Stocks meander: Sooner or later, the world's grim reality will catch up with Wall Street. But not for now - Dow is down a few points.
Oil hits $112: Latest worry centers on damage to Libyan oil fields. Not helping is a weaker dollar. From the WSJ:
The price of crude has risen more than 21% this year on the back of political unrest in the Middle East. Libya previously exported 1.3 million barrels a day prior to the conflict that began in mid-February. The prospect of a stalemate in Libya surfaced Thursday when a U.S. general testified to Congress that Libya's rebels might be unsuccessful in ousting Col. Moammar Gadhafi, despite the North Atlantic Treaty Organization's air campaign against the Libyan leader. A lack of resolution to the conflict could mean the country's oil exports would remain off the market for a long time.
Gas prices resume climb: An average gallon of regular in the L.A. area is $4.124, 7 cents higher than last week and a buck higher than a year ago, according to the Auto Club.
Pension woes were ignored: Scores of local governments in California increased benefits at a time when the state's unemployment rate was rising, housing prices were falling, and the nation's banking system was in crisis. Nice going. From the LAT:
Among the cities feeling the pain from the enhanced pensions is San Bernardino. In 2008, the city agreed to better pensions for public safety workers and the rest of the workforce. The burden on taxpayers there of paying pension costs has since grown by nearly 50%, and the bill for funding the retirement plan -- $15.6 million annually -- now accounts for one in every 10 dollars the city spends. "Other cities were doing it, and we decided it would be better to pay more than lose our employees to other places and have to retrain new ones," said Rikke Van Johnson, a San Bernardino city councilman. "To hold on to our talent and compete, we needed to do that."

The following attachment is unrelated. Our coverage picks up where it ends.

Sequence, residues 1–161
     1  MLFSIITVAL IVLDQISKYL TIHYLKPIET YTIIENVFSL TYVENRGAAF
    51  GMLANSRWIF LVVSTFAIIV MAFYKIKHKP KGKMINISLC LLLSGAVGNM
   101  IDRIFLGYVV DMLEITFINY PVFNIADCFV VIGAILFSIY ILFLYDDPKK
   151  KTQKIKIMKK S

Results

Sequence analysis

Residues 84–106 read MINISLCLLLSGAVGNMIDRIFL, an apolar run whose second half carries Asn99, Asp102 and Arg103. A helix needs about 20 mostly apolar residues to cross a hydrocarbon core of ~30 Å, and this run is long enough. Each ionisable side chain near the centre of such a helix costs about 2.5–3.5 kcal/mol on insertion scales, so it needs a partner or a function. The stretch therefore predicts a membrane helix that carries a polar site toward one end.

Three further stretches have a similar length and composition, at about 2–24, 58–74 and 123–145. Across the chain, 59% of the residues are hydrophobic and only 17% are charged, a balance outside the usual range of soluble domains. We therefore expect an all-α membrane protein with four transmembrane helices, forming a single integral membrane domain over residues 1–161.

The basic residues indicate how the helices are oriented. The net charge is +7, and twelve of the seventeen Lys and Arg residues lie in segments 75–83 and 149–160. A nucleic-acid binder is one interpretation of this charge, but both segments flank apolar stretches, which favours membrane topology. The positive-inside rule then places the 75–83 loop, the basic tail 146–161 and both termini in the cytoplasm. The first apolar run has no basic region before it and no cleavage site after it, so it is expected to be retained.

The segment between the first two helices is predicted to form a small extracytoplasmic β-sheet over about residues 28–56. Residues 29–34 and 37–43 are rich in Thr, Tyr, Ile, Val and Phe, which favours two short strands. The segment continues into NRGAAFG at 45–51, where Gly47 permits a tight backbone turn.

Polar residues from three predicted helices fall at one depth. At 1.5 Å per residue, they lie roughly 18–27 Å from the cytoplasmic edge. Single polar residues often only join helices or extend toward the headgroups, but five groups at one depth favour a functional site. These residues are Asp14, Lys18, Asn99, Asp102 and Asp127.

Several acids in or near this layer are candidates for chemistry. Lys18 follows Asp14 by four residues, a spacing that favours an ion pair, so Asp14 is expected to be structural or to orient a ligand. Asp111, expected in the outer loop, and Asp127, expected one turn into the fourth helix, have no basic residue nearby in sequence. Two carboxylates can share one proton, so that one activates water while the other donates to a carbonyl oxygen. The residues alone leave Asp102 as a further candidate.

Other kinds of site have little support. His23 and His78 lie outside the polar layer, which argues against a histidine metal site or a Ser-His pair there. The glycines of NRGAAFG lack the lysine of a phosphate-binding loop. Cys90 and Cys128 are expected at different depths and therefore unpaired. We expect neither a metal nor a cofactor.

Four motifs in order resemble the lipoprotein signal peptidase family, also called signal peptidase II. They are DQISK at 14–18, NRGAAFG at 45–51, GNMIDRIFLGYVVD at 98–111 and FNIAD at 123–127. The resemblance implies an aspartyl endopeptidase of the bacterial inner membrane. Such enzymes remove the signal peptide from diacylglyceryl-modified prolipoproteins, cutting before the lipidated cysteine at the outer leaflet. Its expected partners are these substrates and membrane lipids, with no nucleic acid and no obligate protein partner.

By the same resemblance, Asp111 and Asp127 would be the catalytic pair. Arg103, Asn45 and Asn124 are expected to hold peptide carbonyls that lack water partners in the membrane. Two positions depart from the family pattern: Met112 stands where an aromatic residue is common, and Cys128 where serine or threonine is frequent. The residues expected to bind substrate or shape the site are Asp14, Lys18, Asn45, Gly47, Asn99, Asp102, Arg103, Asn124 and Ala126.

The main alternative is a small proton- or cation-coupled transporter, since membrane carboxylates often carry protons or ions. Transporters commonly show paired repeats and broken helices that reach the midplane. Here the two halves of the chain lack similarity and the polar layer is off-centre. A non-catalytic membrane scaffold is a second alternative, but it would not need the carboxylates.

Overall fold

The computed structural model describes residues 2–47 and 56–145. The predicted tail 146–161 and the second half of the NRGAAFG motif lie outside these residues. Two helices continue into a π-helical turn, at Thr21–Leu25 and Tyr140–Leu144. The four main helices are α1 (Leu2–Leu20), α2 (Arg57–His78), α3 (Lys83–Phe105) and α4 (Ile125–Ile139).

Possible freeze on retiree health care contributions: L.A. budget chief Miguel Santana wants to cap the city's payments at a maximum of $1,190 a month per worker, a move that could save $525 million over five years. Anything over the cap would be paid by the retirees. (Bloomberg)
Lender layoffs: Higher mortgage rates have reduced loan demand. Wells Fargo has let go about 1,900 workers, 230 of them in California. (LAT)
Saudi Prince withdraws mega-mansion plan: Instead of an 85,000-square-foot compound, he'll settle for a smaller project - say 52,000 square feet. Residents of a posh Benedict Canyon neighborhood were up in arms about the monster property. (LAT)
Burkle bids for Warner Music: The L.A. billionaire's $3 billion-plus offer is the highest received during the three-week auction, according to CNBC. Also showing some interest is Bev Hills-based Live Nation, but only for the recorded music business.
Motion picture academy restructures: Film Independent's executive director Dawn Hudson becomes CEO of the Academy of Motion Picture Arts and Sciences. Longtime administrator Ric Robertson becomes COO. From The Wrap:
The move can be viewed as bringing Hudson's outside perspective to an organization long on tradition, and one that has sometimes struggled (particularly with the Oscar show) to attract a younger audience. By promoting Robertson to COO rather than keeping him in his current position, the Academy is clearly making a push to retain a man who, as one Academy member said, "knows how to deal with the board, and knows where all the bodies are buried."
Dr. Phil unloads estate: The gated, Mediterranean-style Bev Hills mansion had been reduced recently to $13.9 million from $16.5 million. No word on the selling price. (WSJ)